2024 Hyundai Sonata: Aero Styling Mixed With a Classy Cabin

Strong points
  • Sleek lines
  • Sophisticated powertrain
  • Generous content
  • Available AWD
Weak points
  • Tight rear-seat headroom
  • No hybrid model
  • Centre stack should be simpler
Full report

With the current-generation Hyundai Sonata dating back to 2020, it was more than time for a mid-cycle refresh. Designers haven’t just made a few tweaks here and there. Rather, they’ve significantly altered both the exterior and interior. Meanwhile, just two powertrain options are available.

The changes result in a sleeker-looking sedan and a more refined, more comfortable cabin where technology takes centre stage and offers lots of possibilities.

While American automakers have largely abandoned traditional passenger cars, Hyundai continues to believe in them. Remember, the smaller Elantra has been updated for 2024, too. The Koreans anticipate demand for sedans to rise again in the coming years.

Photo: Hyundai

Hyundai Designers Strike Again

Looking at today’s lineup, Hyundai emphasizes selection and styling. A state-of-the-art design studio full of talented stylists was a key part of the company’s investments in recent years. As you know, looks can either make or break a car, but in the 2024 Sonata’s case, the reaction seems to be quite positive despite the numerous and substantial revisions that have taken place.

The main highlight is a full-width light bar separating the hood from the large grille. It makes for a spectacular front fascia that people pay attention to. A similar light bar is found in the rear, just below an integrated spoiler that adds character to the exterior. The side view is equally pleasing, featuring retro and modern touches all at once.

Photo: Hyundai

By the way, the refreshed Sonata is more aerodynamic, as well, with a drag coefficient that went down from 0.27 to just 0.24.

Inside, Hyundai designers have reinvented the whole dashboard, which is now punctuated by dual 12.3-inch displays mounted side by side. One is for the instruments and is seemingly configurable at will, offering innovative and user-friendly graphics. The other screen is for infotainment, allowing drivers to access a myriad of vehicle functions and settings. Lower on the centre stack is an HVAC panel consisting of two large dials and touch-sensitive controls.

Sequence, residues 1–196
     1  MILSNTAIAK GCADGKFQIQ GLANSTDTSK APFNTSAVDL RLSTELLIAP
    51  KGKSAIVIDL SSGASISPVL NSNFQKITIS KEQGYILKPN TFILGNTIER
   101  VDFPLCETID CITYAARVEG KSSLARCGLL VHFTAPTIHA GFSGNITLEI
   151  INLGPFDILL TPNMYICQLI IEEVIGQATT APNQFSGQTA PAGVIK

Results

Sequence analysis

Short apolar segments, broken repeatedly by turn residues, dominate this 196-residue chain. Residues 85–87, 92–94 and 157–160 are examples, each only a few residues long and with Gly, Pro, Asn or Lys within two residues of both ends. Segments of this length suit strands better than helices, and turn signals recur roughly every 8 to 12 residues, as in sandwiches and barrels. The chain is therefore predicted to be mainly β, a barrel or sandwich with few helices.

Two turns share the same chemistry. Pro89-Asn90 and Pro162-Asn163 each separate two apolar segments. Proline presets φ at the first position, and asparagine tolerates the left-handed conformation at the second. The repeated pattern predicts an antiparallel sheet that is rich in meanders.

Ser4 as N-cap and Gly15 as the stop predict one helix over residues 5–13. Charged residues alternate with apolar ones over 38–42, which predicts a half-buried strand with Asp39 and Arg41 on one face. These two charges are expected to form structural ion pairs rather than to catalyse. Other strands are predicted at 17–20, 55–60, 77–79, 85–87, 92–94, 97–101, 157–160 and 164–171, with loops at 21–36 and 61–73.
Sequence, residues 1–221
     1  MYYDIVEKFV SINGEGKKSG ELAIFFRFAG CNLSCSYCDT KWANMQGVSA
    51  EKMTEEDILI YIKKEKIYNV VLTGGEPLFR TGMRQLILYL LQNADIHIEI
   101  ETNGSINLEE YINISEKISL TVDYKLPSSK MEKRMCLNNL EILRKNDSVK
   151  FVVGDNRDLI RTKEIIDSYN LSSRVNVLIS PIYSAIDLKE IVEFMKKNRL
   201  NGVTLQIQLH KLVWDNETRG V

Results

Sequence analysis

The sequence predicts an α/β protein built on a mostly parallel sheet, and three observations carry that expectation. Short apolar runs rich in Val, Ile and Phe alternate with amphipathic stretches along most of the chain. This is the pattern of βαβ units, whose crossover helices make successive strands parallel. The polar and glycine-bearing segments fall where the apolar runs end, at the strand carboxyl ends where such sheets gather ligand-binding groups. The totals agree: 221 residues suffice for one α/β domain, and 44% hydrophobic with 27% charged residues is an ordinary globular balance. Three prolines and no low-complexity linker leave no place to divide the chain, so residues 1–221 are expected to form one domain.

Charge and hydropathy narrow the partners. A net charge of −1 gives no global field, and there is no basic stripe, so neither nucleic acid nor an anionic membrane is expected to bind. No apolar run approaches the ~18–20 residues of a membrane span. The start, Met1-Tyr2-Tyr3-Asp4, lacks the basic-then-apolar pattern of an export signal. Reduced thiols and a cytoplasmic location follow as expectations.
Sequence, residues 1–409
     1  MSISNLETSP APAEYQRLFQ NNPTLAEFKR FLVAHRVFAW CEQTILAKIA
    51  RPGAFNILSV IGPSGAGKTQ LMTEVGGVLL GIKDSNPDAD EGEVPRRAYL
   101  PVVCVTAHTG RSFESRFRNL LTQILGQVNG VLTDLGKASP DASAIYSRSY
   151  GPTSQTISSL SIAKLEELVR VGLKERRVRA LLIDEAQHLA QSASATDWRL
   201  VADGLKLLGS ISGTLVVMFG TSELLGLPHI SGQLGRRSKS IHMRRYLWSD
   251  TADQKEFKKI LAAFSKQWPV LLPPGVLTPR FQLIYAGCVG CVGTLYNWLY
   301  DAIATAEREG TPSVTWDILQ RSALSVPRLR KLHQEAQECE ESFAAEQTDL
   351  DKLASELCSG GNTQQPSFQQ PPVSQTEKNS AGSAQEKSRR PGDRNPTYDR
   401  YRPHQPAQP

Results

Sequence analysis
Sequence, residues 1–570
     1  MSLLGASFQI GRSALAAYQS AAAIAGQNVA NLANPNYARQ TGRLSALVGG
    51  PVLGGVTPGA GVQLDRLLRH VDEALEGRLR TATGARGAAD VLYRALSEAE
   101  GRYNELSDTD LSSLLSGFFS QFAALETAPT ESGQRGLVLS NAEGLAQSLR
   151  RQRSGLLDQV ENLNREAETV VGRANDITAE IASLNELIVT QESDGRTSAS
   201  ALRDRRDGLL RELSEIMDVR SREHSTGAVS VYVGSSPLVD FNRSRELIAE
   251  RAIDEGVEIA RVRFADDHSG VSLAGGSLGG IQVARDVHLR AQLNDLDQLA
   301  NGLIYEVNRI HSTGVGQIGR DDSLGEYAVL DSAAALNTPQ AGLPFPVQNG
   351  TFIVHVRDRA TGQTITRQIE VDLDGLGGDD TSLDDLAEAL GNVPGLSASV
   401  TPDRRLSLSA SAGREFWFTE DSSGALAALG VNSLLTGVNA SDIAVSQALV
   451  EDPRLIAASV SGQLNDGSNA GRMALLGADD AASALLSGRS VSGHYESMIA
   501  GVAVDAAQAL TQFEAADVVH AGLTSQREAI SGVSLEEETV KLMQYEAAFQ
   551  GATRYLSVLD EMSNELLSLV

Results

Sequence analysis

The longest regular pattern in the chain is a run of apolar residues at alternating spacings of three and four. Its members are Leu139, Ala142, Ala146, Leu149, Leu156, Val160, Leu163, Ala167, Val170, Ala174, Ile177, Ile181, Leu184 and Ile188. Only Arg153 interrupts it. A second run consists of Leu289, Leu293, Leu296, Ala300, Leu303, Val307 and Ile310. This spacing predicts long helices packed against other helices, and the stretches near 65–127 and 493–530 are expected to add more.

The heated front seats are comfortable and rear-seat occupants enjoy generous legroom. That being said, getting there is not an easy thing due to the four-door coupe silhouette that compromises headroom in the back and limits the size of the door openings. Trunk capacity is decent at 453 litres. Build quality and material selection, meanwhile, are worthy of praise.

Photo: Hyundai

Sonata Hybrid is Gone

For 2024, the Hyundai Sonata is no longer available as a hybrid. The standard engine is a naturally aspirated 2.5-litre four-cylinder with direct fuel injection producing 191 horsepower and 185 lb-ft of torque. It is mated to an eight-speed automatic transmission with a nifty shifter mounted to the steering column. Push the button at the end to engage Park, twist it forward to put the car in Drive or the other way for Reverse. It’s so simple and pleasant to use that we’d like to see it in more vehicles—and not just Hyundais.

Photo: Hyundai

This mill is optionally available with the automaker’s most sophisticated all-wheel drive system to date, distributing torque evenly in order to prevent understeer and oversteer.

Fancy a Sonata N Line? The sharper-looking, more richly equipped model packs a turbocharged variant of the 2.5-litre engine. With 290 horsepower and 311 lb-ft of torque, it’s the most potent Sonata ever built—and a whole lot of fun to drive, too. The transmission is the same, but alas, AWD is missing.

Just What You Need

If you think the base Sonata is weak and boring because it’s 99 horsepower short of the N Line model, you’re wrong. Those 191 ponies are adequate enough for most daily driving scenarios, especially with such a smartly tuned autobox.

It’s also a pretty efficient performer, having achieved 7.7 L/100 km on our watch. The more powerful Sonata is officially rated at 8.9 L/100 km, which is still reasonable given the amount of muscle.

Photo: Hyundai

Unlike the vast majority of SUVs that suffer from a high centre of gravity and extra weight, this Korean midsize sedan takes on corners with confidence and is blessed with precise steering that doesn’t feel overly assisted. Handling is slightly better than average, but not on par with the Honda Accord or Toyota Camry.

One last thing you need to know is that the 2024 Sonata boasts a plethora of driver assistance features. For one, adaptive cruise control with traffic stop and go definitely makes urban and suburban driving more enjoyable and more effortless. Ultimately, this is a well-designed, generously equipped and competitively priced car. Speaking of which, all-inclusive pricing starts at $35,256.

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